Report by Dominik Ralph Mitterer (Durham University)
The RMA Music & Philosophy Study Group can look back with great confidence to their smoothly run and meticulously planned annual conference, which took place at King’s College London from 7th-8th July 2022. The conference benefited not only from the inclusion of a diverse range of topics,
spanning from Aesthetics, Ontology, and Epistemology, via Performance Studies and Philosophy,
Theorie(s) of Music, History of Ideas, Eco-Musicology and -Philosophy, towards sessions that zoomed in on the works of chosen philosophers such as Nietzsche and Wittgenstein, or on philosophical schools such as Poststructuralism. The conference was also able to welcome international presenters from various academic backgrounds, in order to build a discursive bridge between the disciplinary shores of Music History, Analysis, and Performance and those of Analytical Philosophy, Aesthetics, and History of Ideas.
The international scope of the contributions disclosed the vast scholarly interest and relevance of bringing Music-related disciplines and Analytical as well as Continental Philosophy into a productive dialogue with each other, aiming to bridge the sometimes uncompromising juxtaposition of Music, History and Philosophy: (Music-)Historical disciplines often show reluctance to entertain Philosophy’s alleged tendency towards conceptual universalism, and dismiss its disciplinary programme, which aims to clearly analyse and define the use of language and concepts, as impractical. While on the other hand, some philosophers accuse historical disciplines of particularism, given that their claims are significantly determined by the narrow choice of a specific time and place. Thus, one of the main successes of the conference was an overall constructive atmosphere in which disciplinary and scholarly variety informed each other productively.
This joint venture between Music and Philosophy departments was pointedly described by the organising committee in their opening remarks: Philosophy can help to clearly define and lay
out theoretical terminology; the epistemic framework through which musical works and their historical manifestations can be (re-)interpreted and (re-)investigated, and the ways in which past claims can be critically rethought, which leads to new questions and fresh perspectives in historical or systematic Musicology, Music Analysis or Performance Studies.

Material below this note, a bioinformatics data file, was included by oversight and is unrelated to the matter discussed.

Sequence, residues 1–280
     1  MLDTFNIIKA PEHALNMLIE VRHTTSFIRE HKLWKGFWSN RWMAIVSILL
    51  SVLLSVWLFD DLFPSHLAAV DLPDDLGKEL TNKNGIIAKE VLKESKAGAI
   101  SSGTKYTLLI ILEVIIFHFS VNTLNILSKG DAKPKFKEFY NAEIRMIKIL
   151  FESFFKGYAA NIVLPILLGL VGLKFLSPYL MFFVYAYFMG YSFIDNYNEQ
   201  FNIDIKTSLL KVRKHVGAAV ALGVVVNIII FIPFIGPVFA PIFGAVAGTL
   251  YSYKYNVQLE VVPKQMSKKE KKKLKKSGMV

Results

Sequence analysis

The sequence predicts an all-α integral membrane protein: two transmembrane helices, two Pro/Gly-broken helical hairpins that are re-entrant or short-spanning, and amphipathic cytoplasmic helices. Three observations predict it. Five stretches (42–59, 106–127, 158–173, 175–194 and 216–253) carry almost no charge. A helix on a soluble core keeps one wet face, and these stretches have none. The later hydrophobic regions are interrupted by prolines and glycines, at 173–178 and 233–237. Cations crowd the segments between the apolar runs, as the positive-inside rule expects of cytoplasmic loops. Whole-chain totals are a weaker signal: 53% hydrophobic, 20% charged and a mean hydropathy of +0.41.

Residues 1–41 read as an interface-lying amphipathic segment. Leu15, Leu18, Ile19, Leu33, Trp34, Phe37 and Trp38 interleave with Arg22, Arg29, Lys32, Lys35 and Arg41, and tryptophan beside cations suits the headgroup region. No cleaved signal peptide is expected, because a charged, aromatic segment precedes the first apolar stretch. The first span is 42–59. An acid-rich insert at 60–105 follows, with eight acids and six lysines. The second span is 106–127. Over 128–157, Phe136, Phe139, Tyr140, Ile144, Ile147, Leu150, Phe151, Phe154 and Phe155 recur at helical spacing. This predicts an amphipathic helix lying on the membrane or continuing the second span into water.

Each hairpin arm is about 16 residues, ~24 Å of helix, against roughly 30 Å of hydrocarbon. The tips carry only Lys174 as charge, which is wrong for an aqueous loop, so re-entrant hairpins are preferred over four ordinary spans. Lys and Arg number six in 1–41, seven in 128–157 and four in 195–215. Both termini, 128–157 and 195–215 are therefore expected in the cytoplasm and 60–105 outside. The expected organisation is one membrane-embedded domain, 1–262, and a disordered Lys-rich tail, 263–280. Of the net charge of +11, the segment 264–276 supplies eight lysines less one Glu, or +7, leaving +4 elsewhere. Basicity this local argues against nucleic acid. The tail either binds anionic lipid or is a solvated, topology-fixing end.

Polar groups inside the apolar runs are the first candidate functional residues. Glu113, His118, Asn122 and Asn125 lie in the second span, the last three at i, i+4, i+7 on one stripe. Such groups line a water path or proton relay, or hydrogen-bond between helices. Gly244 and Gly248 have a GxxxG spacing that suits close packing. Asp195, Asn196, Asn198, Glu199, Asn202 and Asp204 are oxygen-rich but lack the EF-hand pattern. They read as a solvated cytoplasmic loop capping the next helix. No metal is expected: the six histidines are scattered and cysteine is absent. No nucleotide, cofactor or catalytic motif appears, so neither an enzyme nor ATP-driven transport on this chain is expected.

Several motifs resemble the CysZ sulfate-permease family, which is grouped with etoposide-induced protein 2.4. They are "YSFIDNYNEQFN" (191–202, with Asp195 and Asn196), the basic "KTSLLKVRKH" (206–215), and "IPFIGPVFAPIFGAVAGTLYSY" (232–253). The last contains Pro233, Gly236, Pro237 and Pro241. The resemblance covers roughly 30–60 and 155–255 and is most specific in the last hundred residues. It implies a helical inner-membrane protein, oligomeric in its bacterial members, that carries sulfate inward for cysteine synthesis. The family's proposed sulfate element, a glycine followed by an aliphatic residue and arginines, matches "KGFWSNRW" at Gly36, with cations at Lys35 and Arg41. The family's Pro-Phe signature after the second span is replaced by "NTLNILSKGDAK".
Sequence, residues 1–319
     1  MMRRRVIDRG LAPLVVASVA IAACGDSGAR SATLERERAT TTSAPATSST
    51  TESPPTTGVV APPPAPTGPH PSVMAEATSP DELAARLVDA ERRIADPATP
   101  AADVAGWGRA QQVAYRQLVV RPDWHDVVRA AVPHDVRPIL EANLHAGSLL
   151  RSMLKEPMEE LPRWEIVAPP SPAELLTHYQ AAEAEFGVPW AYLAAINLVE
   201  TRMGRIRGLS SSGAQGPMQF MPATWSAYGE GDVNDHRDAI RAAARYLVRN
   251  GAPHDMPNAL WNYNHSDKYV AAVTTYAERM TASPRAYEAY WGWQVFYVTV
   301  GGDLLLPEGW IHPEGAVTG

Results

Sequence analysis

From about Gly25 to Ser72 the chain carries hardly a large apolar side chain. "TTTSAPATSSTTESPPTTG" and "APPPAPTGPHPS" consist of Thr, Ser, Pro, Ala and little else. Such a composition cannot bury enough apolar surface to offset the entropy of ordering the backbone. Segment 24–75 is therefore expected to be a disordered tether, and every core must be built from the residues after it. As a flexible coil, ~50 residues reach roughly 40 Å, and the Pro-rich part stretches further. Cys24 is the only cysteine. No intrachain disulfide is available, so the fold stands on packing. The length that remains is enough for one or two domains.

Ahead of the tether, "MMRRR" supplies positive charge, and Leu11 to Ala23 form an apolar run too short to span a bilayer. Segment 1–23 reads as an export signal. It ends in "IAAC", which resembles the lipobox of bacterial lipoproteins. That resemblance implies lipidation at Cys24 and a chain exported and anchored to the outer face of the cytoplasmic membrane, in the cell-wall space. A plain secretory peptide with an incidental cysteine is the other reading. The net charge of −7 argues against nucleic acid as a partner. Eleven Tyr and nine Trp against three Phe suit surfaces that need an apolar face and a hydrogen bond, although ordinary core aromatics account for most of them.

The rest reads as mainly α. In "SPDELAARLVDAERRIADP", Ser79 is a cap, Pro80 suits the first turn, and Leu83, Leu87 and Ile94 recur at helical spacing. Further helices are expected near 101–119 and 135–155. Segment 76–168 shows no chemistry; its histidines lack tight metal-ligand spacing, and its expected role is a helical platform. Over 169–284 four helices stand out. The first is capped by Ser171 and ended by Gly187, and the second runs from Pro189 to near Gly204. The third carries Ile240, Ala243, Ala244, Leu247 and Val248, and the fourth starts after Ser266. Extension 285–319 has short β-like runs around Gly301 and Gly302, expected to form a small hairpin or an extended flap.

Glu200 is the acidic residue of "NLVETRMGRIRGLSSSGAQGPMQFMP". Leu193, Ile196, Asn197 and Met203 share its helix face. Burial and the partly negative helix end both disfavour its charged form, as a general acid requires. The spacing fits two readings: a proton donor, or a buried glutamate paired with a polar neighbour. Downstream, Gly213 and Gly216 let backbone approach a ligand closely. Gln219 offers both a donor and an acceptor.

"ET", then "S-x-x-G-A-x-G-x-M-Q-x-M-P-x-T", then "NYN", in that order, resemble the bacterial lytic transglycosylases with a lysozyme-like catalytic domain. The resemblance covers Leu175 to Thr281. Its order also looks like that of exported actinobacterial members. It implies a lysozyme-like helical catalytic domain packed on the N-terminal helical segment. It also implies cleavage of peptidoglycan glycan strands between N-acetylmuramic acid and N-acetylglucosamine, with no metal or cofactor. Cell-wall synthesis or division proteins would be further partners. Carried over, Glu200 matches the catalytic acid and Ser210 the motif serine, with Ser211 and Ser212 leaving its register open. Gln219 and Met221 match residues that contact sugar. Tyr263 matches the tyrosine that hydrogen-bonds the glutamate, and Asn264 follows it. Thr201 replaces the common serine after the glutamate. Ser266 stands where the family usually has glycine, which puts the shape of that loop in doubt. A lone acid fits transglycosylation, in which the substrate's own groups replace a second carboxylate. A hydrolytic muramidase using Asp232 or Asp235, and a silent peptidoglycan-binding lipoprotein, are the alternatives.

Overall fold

The cross-disciplinary atmosphere of the conference can be exemplified by the panel “Theories of Music in History”, which touched upon the contradictions of St Augustine’s reciprocal relationship between the human soul and the divine in musical experience (Migle Miliunaite); the Arabic philosopher Al-Fārābī’s Neo-Aristotelian reflections on music as a science and ethical as well as political dimensions of composition (Daniel Regnier); via Francesco Antonio Calegari’s and Giuseppe Tartini’s specific type of reasoning as ‘musical inference’ exemplified by the rule of the octave (Roberta Vidic); towards Rafael Echevarria’s contribution, in which he attempted to overcome the contemporary dichotomy between an historical comparative approach in musical form, which explains developments in formal practice in relationship to their historical heritage, and contextual approaches, which explain formal particularities against the background of reconstructed musical practice at a given time and place. The diverse range of theoretical writings contributed either to the re-encounter with historical treatises or to critical engagement with current music theories regarding the reshaping of the theoretical terminology with which current scholarship engages with music as a critical object of discourse.
However, the time limit of two days and the broad thematic variety of sessions led to a significant overlap, with up to five sessions held in parallel. Because of this unfortunate accumulation of parallel sessions, most attendees did not have the opportunity to hear the majority of the papers, and one can only hope that the organisers find further financial capacity for future conferences, in order to stretch the sessions out over a longer period of time.
The conference was framed by three keynote lectures, which contributed equally, but in different ways, to the interdisciplinary atmosphere. Professor Andy Hamilton’s keynote “Jazz as Classical Music” addressed the question of how Jazz can be defined as a non-popular and therefore